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AntiSF & The ASFF

AntipodeanSF supports the ASFF

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Please visit the ASFF website and consider joining for up-to-date info about Australian SF cons, awards, competitions, and to receive the Foundation's newsletter, Instrumentality, and more.

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The AntipodeanSF Radio Show

AntiSF's Production Crew

nuke conflux 2017 200Ion Newcombe is the editor and publisher of AntipodeanSF, Australia’s longest running online speculative fiction magazine, regularly issued since January 1998, and conceived back around November 2007. He has been a zealous reader and occasional writer of SF since his childhood in the 1960s, and even sold a few stories here and there back in the '90s.

“Nuke”, who it turns out loves editing more than writing, lives in the New South Wales North Coast holiday destination of Nambucca Heads, where he is self-employed in IT training, computer support, desktop publishing, editing, writing, and website implementation. He is also the resident tech-head, skeptic, and board member of community radio station 2NVR, where he produces a number of shows including The AntipodeanSF Radio Show.

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mark web 200Mark Webb's midlife crisis came in the form of attempting to write speculative fiction at a very slow pace. His wife maintains this is a good outcome considering the more expensive and cliched alternatives. Evidence of Mark's attempts to procrastinate in his writing, including general musings and reviews of books he has been reading, can be found at www.markwebb.name.

One of Mark’s very best forms of writing procrastination is to produce the eBook series for AntipodeanSF, which he has been doing since issue 175.

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In The Next Issue...

Coming In Issue 264

Anna's Mother
by Vicky Chapman

Antitheosis
By Marcus Rockstrom

Human Cruelty
By Steve Bellavia

Jesus the Man
By Eugene Samolin

Morpheus Rising
By Kevin J. Phyland

Myopia
By Malena Salazar Maciá - Translated by Toshiya Kamei

Nothing Unusual Happened on the Way to the Office
Colin L. Howe

Rubicon
By N.M. Cunningham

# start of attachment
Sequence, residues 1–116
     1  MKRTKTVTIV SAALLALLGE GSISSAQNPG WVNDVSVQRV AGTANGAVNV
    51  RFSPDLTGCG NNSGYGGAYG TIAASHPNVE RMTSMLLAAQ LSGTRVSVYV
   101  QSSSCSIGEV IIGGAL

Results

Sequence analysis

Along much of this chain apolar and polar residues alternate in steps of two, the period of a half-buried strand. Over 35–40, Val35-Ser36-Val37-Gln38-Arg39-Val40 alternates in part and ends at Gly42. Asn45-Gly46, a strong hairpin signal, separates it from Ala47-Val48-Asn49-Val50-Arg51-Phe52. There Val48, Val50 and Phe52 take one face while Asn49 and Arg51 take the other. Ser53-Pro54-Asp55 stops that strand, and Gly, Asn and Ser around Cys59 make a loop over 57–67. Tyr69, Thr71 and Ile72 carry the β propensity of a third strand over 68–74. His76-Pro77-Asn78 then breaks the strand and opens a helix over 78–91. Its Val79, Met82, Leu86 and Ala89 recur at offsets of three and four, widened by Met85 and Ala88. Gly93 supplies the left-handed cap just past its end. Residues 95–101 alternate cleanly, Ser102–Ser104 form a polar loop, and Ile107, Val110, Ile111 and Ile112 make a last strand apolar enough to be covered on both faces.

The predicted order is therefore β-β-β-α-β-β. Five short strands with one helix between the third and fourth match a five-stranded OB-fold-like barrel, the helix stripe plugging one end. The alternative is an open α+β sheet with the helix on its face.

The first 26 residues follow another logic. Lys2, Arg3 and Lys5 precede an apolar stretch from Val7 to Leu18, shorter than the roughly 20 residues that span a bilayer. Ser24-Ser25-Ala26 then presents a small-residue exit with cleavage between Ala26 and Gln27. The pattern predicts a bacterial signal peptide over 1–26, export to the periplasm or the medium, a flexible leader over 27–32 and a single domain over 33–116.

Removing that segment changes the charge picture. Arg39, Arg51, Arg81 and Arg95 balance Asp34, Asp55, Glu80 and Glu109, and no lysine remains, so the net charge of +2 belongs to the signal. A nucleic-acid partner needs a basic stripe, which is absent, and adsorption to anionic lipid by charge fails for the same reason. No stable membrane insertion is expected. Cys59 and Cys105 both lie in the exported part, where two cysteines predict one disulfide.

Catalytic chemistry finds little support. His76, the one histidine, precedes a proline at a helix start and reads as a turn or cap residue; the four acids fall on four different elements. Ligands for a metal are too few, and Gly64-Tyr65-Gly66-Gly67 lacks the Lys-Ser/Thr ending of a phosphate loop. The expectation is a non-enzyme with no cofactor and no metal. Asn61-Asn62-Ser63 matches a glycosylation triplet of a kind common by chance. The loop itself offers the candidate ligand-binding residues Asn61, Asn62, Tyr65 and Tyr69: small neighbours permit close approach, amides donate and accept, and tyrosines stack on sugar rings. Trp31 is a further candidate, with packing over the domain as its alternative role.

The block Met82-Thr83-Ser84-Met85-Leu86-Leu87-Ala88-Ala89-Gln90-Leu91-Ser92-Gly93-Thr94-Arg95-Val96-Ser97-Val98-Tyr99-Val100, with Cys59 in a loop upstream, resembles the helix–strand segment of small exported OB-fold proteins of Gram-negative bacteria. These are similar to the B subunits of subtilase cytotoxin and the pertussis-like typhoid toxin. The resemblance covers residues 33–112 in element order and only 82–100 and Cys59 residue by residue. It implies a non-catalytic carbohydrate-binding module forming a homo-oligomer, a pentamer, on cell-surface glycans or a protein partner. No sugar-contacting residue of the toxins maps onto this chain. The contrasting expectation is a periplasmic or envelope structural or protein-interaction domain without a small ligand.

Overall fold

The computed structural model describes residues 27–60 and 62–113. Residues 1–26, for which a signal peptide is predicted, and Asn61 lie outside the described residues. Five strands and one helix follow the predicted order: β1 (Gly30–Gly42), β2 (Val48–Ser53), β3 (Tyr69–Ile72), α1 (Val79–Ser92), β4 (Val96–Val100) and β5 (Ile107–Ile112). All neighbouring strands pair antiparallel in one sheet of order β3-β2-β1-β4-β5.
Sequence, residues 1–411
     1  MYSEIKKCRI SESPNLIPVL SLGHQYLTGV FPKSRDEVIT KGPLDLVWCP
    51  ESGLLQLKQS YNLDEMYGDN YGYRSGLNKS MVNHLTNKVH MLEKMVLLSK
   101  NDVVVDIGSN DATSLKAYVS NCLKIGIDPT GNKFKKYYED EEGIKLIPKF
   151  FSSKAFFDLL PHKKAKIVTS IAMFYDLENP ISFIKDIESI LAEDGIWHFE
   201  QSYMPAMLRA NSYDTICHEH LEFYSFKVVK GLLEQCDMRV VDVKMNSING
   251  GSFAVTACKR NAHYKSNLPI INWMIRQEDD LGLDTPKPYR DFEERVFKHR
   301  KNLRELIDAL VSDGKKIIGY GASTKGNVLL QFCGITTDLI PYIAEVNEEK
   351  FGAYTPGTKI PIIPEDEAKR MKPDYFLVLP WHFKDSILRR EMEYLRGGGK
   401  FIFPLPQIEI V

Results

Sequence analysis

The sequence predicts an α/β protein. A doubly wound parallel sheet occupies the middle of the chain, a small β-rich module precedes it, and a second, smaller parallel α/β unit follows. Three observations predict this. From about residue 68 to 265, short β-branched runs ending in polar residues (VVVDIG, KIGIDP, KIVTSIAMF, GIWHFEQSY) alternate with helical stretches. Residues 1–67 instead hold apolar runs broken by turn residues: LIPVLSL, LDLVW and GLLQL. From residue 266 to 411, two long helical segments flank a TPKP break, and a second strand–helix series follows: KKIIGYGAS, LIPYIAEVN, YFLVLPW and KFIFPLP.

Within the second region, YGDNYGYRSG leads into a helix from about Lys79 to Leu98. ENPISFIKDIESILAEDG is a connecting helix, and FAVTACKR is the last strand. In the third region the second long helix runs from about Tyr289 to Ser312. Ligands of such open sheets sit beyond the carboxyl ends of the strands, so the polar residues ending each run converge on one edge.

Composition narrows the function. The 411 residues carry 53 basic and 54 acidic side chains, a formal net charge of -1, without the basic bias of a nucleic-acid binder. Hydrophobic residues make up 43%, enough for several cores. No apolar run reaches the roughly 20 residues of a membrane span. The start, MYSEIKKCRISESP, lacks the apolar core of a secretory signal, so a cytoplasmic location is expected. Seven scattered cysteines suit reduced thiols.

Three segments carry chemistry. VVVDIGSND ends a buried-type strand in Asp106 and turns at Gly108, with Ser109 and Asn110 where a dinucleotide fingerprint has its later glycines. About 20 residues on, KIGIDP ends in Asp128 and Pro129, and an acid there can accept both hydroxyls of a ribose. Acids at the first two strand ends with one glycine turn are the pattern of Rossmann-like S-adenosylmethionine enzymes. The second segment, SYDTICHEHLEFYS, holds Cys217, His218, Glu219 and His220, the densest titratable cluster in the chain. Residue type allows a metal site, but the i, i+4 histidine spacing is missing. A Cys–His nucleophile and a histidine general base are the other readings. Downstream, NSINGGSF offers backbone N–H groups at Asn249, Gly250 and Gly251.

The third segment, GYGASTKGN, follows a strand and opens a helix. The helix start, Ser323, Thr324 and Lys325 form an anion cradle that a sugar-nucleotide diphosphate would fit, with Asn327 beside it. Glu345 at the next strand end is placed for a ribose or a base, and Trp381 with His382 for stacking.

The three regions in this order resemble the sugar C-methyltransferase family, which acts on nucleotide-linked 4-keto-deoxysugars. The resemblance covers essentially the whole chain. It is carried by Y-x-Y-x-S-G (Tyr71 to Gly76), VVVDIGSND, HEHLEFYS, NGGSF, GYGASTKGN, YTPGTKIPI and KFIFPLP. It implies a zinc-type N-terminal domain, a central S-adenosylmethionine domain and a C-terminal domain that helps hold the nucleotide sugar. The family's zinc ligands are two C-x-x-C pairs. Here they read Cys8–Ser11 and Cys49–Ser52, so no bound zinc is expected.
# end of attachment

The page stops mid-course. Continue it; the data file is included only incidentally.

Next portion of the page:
Shedding
By Deborah Sheldon

Single Journey - Multiple Travellers
By Ed Errington

The Circle of Gods
By Botond Teklesz

The Last Message
By Zac Gilfridus

The Contributors

daniel veron 200Daniel Verón started writing at the age of ten, and an early story of his was selected for a UNESCO anthology, but he also spent a lot of time researching "space issues" as he was growing up.

He subsequently formed the Enigma Group of Investigation of UFOs and other Mysteries, which for many years produced radio programs on different topics and today owns collection of sci fi sagas, fantasy and terror stories plus essays on scientific topics and the world of the future.

Daniel also gives talks on the sci fi genre and exhibits books at various book fairs. He was recently credited as the creator of "cosmological sci fi" based on discoveries in the field of quantum physics coupled with philosophical speculations to give an explanation of the origin and end of the universe.

matthew legge 200I am a fan of horror movies, architecture, poetry and art. My hobbies include collage, drawing and sometimes building miniature model houses.

I enjoy writing short stories in my spare time with ‘Planet MXCIV’ being my first of this genre.

It has been a fun process writing in this style and I look forward to seeing what I can create in the future.

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Sarah Jane Justice 200Sarah Jane Justice is an Adelaide-based fiction writer, poet, musician and spoken word artist.

Among other achievements, she has performed in the National Finals of the Australian Poetry Slam, released two albums of her original music and seen her poetry and prose published in Australia and internationally.

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Nick Lee's favourite authors include Frank Herbert and Roald Dahl. He enjoys reading many genres. He tends to write short sentences. He is a fan of Oxford commas and single spaces after periods. He always, however, defers to editors' preferences. Those preferences are likely on display in this brief biography. Nick's creative writing style is influenced, for better or worse, by his experiences writing opinion pieces, business briefs, and academese.

 

Ben F. Blitzer penned his latest story, “Otherworldly Matters,” shortly after dreaming it in its entirety.

His most recent contributions for AntipodeanSF were “Dear Friends” and “The Darkland Crier.” He lives in Western Australia.

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roger ley2 200Roger Ley enjoys writing in a variety of speculative genres.

This story is from his anthology, 'Dead People on Facebook'. His other books include, ‘Chronoscape,’ a science fiction novel about time and alternate realities, ‘The Muslim Prince: What if Diana hadn’t died?’ an alternative reality, techno thriller and ‘The Steampunk Adventures of Harry Lampeter.’ Harry is an irreverent James Bond type of character, an iconoclast and anarchic urban adventurer. Basically, he’s a lot of fun.